• Wichita State University was awarded a $250,000 from the Advanced Robotics for Manufacturing Institute, which is funded by the U.S. Department of Defense, to build a workforce development database. 

  • The database will include educational opportunities and resources that provide necessary skills for today's robotics careers. 

  • The project will help bring an understanding of emerging technologies and diversify the Kansas economy.

  • Several students gained applied learning and interdisciplinary collaboration experience while building the database. 

Newswise — The Advanced Robotics for Manufacturing (ARM) Institute, which receives funding from the U.S. Department of Defense, recently awarded Wichita State University $250,000 to assist in creating a workforce development database focused on compiling a map of educational programs and resources that provide skills required for today’s advanced robotics and manufacturing careers.

The database will be used to populate a website that will, according to ARM, “make it easy to learn about educational programs that provide the needed competencies and skills for manufacturing careers, and, in future versions of the website, help employers find the best candidates for their available manufacturing positions.”Dr. Victoria Sherif, project coordinator and assistant professor of educational leadership, and Dr. Jason Herron, assistant professor of educational psychology, have been leading the project since February. Along with five graduate students from College of Applied Studies, School of Social Work, and Barton School, the team has been working to compile a list of more than 900 organizations with upwards of 2,000 contacts in a nine-state region.

The student team is comprised of five social science students — Treva Etsitty and Nirupama Akella, both doctoral student in educational psychology and leadership; Joana Lampe and Wendy Mcdaniel, master’s students in social work; and Ashruta Acharya, a master’s student in economics — who are collaborating, networking, collecting and analyzing survey information with engineering and robotics professionals and faculty members throughout the region.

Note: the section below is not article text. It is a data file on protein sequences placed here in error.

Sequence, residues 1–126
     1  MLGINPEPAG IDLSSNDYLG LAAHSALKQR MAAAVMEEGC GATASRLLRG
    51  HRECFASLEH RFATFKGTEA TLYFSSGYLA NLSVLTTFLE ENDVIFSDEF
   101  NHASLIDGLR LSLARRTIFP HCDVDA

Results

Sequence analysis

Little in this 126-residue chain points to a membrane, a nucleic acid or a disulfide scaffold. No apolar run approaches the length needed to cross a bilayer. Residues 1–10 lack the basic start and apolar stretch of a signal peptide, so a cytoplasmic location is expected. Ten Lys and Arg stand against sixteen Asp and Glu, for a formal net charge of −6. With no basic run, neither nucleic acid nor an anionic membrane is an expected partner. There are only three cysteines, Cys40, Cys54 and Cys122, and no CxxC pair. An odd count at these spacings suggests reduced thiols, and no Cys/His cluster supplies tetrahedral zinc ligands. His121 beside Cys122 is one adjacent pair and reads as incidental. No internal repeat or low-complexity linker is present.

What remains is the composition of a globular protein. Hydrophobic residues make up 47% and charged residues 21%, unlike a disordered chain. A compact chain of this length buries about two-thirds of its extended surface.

“It’s translational science because the students on the team have to be very creative in the way they take the knowledge that they have already learned about research and about the field and apply it to a completely unknown field,” Sherif said. “It's impressive how they’ve adapted so quickly and successfully.”

Herron said that although the field of engineering is thought to be across the academic pond, the collaboration of the two fields a natural convergence 

“It’s actually really simple because our function as educational psychologists is to help with anything that has anything to do with training and instruction,” he said. “I understand how to do social science research, and they understand their content knowledge. We collaborate all of the time. I focus on my area of expertise, and I don't get into the engineering portion. It works out really well actually, and it's not a difficult transition.”

This is the fifth grant Wichita State has received from ARM, said Debra Franklin, associate vice president for strategic initiatives at the university. Three previous grants involved technology, and two — including the current database — involved workforce development.